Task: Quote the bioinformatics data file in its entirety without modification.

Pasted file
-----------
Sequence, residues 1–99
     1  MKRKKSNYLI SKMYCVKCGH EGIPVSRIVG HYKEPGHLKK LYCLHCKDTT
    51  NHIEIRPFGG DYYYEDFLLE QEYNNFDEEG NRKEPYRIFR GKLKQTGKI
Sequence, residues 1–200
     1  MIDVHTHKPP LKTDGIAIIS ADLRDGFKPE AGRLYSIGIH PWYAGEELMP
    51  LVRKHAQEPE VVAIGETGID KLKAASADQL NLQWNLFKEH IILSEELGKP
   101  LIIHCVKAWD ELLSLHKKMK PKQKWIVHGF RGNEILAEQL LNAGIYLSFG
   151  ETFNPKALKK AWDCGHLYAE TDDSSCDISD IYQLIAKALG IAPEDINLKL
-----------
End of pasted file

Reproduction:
Sequence, residues 1–99
     1  MKRKKSNYLI SKMYCVKCGH EGIPVSRIVG HYKEPGHLKK LYCLHCKDTT
    51  NHIEIRPFGG DYYYEDFLLE QEYNNFDEEG NRKEPYRIFR GKLKQTGKI
Sequence, residues 1–200
     1  MIDVHTHKPP LKTDGIAIIS ADLRDGFKPE AGRLYSIGIH PWYAGEELMP
    51  LVRKHAQEPE VVAIGETGID KLKAASADQL NLQWNLFKEH IILSEELGKP
   101  LIIHCVKAWD ELLSLHKKMK PKQKWIVHGF RGNEILAEQL LNAGIYLSFG
   151  ETFNPKALKK AWDCGHLYAE TDDSSCDISD IYQLIAKALG IAPEDINLKL